The cost of prevention in most cases would have been small, not only compared with the cost in dollars and political support of the most expensive accidents, but also compared with the overall cost of nuclear power. Thus, a major lesson from Fukushima and previous accidents or near-accidents concerns the management and supervision of the nuclear industry and the political and economic set of incentives involved. While this and other lessons tend to be reasonably well internalized within the countries where accidents have occurred, instilling them across national boundaries has been far less successful, a matter of some concern in view of the new entrants into the nuclear power field.
Over the next few months and years, as the details of the Fukushima accident become clearer, they will affect and inform the continuing conversation about the role nuclear energy will play in the future energy mix. Undoubtedly, the competitors to nuclear power, in both the present world and a possible future world where greenhouse gas emissions are taxed or regulated, have been at least temporarily strengthened by the event. For the longer term, while economic factors will continue to play a major role, the perceived likelihood of severe accidents will affect the political acceptability of nuclear power, particularly if it becomes clear that most such accidents can be prevented.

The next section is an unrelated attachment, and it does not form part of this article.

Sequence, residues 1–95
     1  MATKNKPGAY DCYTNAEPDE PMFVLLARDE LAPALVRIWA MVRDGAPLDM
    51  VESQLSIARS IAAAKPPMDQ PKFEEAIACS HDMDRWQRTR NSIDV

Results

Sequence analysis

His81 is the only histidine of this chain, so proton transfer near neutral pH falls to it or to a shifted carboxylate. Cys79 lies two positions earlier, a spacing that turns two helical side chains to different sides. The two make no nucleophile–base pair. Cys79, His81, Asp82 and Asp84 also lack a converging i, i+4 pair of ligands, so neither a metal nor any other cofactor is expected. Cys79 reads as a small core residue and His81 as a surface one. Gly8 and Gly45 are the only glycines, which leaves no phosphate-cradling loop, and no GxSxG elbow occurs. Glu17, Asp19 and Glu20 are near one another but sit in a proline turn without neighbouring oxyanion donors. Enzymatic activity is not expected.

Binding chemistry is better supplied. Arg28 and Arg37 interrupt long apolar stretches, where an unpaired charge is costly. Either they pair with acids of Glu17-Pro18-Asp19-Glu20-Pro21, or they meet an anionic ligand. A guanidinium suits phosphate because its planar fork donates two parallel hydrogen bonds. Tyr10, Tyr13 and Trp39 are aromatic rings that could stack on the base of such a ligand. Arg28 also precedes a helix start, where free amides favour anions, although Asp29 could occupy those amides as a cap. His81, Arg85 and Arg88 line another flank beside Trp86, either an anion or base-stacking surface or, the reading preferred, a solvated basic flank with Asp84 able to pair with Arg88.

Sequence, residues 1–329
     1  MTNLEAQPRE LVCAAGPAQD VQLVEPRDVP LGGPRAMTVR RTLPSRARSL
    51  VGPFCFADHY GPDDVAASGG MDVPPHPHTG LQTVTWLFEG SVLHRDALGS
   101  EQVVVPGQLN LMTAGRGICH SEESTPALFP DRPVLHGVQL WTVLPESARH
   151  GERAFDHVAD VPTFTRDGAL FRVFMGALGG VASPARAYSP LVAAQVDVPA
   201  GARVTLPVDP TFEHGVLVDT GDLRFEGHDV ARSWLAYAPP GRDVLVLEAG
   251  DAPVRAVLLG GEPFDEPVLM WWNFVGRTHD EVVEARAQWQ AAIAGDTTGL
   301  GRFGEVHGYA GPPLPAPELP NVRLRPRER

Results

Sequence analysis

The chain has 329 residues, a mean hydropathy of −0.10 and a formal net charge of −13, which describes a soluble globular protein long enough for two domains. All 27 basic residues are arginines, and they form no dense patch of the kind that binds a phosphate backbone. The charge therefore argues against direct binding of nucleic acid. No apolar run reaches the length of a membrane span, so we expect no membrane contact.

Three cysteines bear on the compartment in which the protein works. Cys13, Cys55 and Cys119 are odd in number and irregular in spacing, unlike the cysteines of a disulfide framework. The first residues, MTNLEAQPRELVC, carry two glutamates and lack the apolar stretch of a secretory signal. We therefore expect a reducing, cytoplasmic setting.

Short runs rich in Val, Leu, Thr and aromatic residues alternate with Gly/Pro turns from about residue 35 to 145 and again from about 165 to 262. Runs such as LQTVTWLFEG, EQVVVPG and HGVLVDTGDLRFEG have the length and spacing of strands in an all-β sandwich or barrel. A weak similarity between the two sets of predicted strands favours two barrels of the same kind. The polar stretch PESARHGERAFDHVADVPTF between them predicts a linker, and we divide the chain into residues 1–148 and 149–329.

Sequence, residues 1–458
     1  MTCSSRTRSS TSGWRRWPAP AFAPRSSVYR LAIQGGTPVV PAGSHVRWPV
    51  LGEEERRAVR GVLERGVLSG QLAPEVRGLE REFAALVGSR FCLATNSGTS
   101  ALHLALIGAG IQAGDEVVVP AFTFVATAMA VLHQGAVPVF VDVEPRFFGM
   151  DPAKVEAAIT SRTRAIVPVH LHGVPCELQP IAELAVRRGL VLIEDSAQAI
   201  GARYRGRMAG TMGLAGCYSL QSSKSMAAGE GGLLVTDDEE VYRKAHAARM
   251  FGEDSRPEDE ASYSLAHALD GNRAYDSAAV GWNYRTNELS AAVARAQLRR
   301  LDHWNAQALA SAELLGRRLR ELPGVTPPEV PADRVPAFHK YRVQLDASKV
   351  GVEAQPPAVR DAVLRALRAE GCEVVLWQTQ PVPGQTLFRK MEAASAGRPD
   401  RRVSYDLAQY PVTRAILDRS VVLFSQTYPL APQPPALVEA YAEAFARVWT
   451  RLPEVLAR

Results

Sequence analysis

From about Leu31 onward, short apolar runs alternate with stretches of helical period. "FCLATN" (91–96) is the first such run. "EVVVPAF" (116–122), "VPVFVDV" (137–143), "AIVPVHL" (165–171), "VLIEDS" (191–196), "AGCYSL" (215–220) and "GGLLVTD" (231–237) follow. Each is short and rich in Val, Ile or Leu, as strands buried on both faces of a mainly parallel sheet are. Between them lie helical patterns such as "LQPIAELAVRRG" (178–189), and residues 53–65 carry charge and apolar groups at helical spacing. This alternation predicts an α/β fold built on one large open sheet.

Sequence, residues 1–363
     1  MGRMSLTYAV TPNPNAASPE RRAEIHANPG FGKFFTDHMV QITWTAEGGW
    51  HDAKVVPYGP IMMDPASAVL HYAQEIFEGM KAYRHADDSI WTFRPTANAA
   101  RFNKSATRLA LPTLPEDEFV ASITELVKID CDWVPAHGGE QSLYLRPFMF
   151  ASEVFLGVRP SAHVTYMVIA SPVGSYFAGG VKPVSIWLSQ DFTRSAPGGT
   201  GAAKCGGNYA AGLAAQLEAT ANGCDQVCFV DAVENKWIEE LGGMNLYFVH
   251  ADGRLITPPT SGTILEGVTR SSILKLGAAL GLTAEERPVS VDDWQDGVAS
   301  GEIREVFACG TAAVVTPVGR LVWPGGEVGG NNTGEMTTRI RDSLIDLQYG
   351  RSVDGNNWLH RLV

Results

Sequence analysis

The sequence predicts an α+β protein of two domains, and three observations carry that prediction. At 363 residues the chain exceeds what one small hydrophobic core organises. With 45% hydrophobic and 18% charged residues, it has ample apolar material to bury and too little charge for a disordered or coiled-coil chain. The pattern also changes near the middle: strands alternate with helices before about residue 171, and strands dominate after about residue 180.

Kate Marvel is currently a postdoctoral researcher at the Carnegie Department of Global Ecology. Michael May is Professor Emeritus (Research) at Stanford University and Director Emeritus, Lawrence Livermore National Laboratory.
1.Kate Marvel and Michael May, Game Changers for Nuclear Energy (Cambridge, Mass.: American Academy of Arts and Sciences, 2011).
2.“Sea radiation from Fukushima seen triple Tepco estimate” Reuters September 9, 2011; Also “Map shows spot with high level of radiation near Fukushima plant,” Mainichi Daily News, September 12, 2011
3.“For details, see Fact Sheet on Reactor License Renewal. Other pages on the Nuclear Regulatory Commission website give the location of the units and additional relevant information” occurs on page 2 at word # 1090 “... lifetime.”
4. A. Gorbatchev*, J.M. Mattéi*, V. Rebour*, E. Vial*, “Report on flooding of Le Blayais power plant on 27 December 1999” (2000) *Institute for Protection and Nuclear Safety (IPSN), B.P. 6, 92265 Fontenay-aux-Roses cedex France; and from Eric de Fraguier, EDF Nuclear Engineering Division, “Lessons Learned From 1999 Blayais Flood: Overview Of EDF Flood Risk Management Plan” USNRC RIC-2010, 11 March 2010